|next article in this issue|
Document Details :
Title: Image and Truth in Newman's Moral Argument for God
Author(s): FIELDS, Stephen
Journal: Louvain Studies
Volume: 24 Issue: 3 Date: fall 1999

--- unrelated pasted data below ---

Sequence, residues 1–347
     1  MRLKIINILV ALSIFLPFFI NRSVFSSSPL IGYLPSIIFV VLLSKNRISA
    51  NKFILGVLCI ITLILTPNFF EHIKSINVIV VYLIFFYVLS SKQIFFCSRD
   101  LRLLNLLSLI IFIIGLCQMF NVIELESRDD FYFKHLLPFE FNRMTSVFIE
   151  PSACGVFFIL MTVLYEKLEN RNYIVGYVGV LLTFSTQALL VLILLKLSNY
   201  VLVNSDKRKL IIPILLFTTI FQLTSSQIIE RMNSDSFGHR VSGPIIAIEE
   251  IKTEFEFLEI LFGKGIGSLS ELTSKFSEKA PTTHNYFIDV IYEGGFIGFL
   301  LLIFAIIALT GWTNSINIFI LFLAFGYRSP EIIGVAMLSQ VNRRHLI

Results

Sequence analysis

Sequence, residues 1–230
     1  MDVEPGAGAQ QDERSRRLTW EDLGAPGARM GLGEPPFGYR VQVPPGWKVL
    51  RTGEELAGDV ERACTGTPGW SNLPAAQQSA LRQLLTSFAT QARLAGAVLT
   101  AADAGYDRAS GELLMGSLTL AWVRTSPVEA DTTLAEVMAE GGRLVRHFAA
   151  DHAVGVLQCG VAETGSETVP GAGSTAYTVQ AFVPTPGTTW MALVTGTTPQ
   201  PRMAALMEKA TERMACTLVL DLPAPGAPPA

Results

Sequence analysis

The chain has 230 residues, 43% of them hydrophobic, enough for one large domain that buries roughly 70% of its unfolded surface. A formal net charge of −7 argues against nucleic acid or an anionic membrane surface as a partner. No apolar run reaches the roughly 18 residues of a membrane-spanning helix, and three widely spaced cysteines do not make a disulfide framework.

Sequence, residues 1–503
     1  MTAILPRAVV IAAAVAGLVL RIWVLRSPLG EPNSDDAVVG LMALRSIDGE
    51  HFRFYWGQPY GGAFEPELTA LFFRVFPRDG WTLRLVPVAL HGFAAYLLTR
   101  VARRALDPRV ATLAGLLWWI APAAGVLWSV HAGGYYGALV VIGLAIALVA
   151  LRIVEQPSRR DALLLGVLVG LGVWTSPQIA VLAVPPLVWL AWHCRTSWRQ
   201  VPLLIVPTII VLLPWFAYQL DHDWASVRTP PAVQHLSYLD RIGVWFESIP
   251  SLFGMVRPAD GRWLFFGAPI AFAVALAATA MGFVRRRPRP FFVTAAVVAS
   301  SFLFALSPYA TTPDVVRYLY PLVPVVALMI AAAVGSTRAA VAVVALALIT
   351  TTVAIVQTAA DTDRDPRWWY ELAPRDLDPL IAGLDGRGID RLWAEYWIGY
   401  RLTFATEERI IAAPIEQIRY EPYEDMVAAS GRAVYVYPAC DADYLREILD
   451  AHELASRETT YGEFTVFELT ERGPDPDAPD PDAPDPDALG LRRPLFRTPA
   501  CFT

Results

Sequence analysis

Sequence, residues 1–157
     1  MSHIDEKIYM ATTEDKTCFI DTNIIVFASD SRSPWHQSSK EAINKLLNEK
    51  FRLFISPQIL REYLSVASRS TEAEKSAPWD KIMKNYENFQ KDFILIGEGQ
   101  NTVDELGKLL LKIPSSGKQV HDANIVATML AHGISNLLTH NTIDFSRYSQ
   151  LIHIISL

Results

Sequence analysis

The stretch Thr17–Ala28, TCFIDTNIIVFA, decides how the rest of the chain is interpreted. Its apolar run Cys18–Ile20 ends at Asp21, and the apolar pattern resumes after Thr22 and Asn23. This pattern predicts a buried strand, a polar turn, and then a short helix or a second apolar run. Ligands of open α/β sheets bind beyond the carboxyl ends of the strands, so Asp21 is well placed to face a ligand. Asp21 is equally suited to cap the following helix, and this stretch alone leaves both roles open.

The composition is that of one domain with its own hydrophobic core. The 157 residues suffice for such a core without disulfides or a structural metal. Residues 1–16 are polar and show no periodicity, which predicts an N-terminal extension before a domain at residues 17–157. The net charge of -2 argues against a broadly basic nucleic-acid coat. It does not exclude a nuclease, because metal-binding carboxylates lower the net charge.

The argument of John Henry Newman (1801-1890) from conscience to the existence of God has drawn critical commentary ever since it was first published in 1870 in the Grammar of Assent. Early reviews in Britain ranged from praise for its originality to criticism for its empiricism, which was judged to undermine traditional arguments for God’s existence. Thomists tended to make the argument fit too neatly into their own categories. Recent scholarship has endeavored to reassess the argument’s distinctiveness. Anglo-Saxon commentary has given attention to its use of the imagination. Thomist commentary has been renewed by Bernard Lonergan (1904-84), a Scholastic metaphysician of knowledge, whose principal work Insight owes a debt to Newman’s theory of knowledge. The following article will develop the relation between Newman’s argument and contemporary Thomist thought. It will offer its own analysis of the argument, focusing on the argument’s use of the imagination and on its distinctive form. Then, using the work of both Lonergan and Joseph Maréchal (1878-1944), a Belgian Thomist, an assessment will be made about how further to warrant Newman’s conclusion.